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Lectin Free No-Corn Tortillas

My LFG no-corn tortillas taste a lot like the real deal only they're made with lectin free millet. With a few tips, it's easy to make your own tortillas. See how it's done.

Corn tortillas are staple of Mexican cuisine. Street tacos, enchiladas, and tostadas are just some of the dishes that are best served with a great corn tortilla. But when you're on a reduced lectin diet, a great compliant corn tortilla seems out of the question.

I've come up with my own perfect, and I mean perfectly perfect, LFG corn tortilla.

My LFG no-corn tortillas are soft, chewy and have a corn-like flavor because they're made with cooked millet.

Now, for a note about fat. I prefer pastured pork lard to get the best flavor and texture. But you shouldn't eat a lot of animal fat. If you eat tortillas moderately, I recommend you use pork fat. Just don't eat a lot of animal fat on a daily basis. If you use tortillas daily, use a compliant fat like red palm fruit shortening or olive oil.

Now, for ANOTHER note about fat. A few followers have come to me with concerns about palm oil. Let's straighten this out. Red palm oil, the oil in Nutiva Superfood shortening, is not the same palm oil found in Nutella and other foods, and getting all the bad press for being harmful to our health. That bad, refined palm oil is palm "kernel" oil. It's seed oil! Red palm oil is derived from the actual fruit. It is virgin, unrefined and red in color. Red because it contains special polyphenol antioxidants like beta carotene and several others. That's why it's a superfood! Nutiva Superfood Red Palm Shortening is made from coconut and red palm fruit oils, and it's an amazing fat to cook with. I still prefer pork fat for flavor in my tortillas, but the Nutiva shortening is a great compromise that yields great results.

Okay, now that we've got our fats straight, let's get on with making these. Once you make these tortillas, you can keep them in the fridge for up to two weeks in a plastic bag. Reheat them for a few seconds in the microwave and they're as fresh and pliable as the moment you made them.

As far as special equipment goes, I do recommend a cast iron tortilla press. It will make your life so much easier. I have one I love from Amazon. It‘s good looking and I display it when it’s not in use. Friends come over and see it and it becomes a conversation piece. When I tell them it’s a tortilla press, they say, “You must be some badass chef to make your own tortillas.” I'll take that!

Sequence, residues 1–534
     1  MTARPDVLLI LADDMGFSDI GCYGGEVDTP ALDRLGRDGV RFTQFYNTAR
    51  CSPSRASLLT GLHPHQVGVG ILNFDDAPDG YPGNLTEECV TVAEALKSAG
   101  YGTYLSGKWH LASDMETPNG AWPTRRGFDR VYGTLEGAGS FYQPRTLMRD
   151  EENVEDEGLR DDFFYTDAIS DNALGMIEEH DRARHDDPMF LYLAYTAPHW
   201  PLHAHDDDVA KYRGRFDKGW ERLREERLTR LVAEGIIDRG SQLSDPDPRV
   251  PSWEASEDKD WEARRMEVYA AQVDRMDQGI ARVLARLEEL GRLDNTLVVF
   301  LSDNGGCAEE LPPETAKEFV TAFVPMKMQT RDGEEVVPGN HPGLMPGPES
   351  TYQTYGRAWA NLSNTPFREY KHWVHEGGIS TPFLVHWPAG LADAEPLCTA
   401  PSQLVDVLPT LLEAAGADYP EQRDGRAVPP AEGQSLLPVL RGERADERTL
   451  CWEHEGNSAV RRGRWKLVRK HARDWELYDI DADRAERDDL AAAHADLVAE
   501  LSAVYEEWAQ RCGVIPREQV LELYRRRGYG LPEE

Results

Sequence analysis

Get the same cast iron tortilla press I use! Amazon pays me a small kick back if you buy it, but rest assured. I actually have this press and I love it! Nobody paid me to say that.

The alternative to a tortilla soup press is rolling the dough out or pressing the dough balls with a heavy pot, which will take a bit longer. And it's much harder to get uniformly shaped tortillas that look pretty in a stack. The press makes perfectly round tortillas with smooth edges every time.

Let's make no-corn tortillas!


The Recipe

LFG No-Corn Tortillas

1/3 Cup Cassava Flour

1/3 Cup Organic Millet Flour

1/4 t Salt

1/3 Cup Organic Cooked Whole Millet

1/4 C Nutiva Superfood Red Palm Shortening (or pastured pork lard)

2 - 3 Tbsp. Ice Water


Step 1: Make the Dough

Heat an electric griddle or stove top griddle on highest setting. In food processor with dough blade, add cassava and millet flours, and salt. Pulse to incorporate the salt. Add cooked millet and fat. Pulse a few times until you have large crumbs. Now add the ice water slowly until the dough comes together. I measure 1/4 cup of ice water and pour in 1 tablespoon at a time, as much of it as needed, for the dough to form a ball. It's usually between 2 and 3 tablespoons. Dough will feel wet like new play dough fresh out it the container. Lift the dough out and form a ball about the size of a baseball.

Step 2: Press the Tortillas

Place the dough ball onto a cutting surface. Cut the ball like a pie. First, cut it in half, then each half into three pieces, so you have 6 equal triangle pieces total. Take a dough piece and roll into a ball. Place a dough ball in the center of the press that you've covered with a piece of parchment paper. Place a piece of plastic wrap over the ball. Press the dough, but let the press do the work. No need to put your weight into it.

Step 3: Cook the Tortillas

Slowly remove the top sheet of plastic and lift the parchment with the tortilla on it off the press. Quickly turn it onto your hot griddle. Count to ten and peel the piece of parchment off the tortilla. Cook tortilla about 30 seconds on each side. Repeat the process until all your tortillas are made. Stack them on a plate covered with another plate or in a tortilla warmer as you cook them. Or you could use a tortilla shaper like the one in the picture to make perfectly shaped taco shells.

Cut them in sixths and fry in rice bran oil to make tortilla chips, or nachos. Reheat them in the microwave for fresh hot tortillas on demand.


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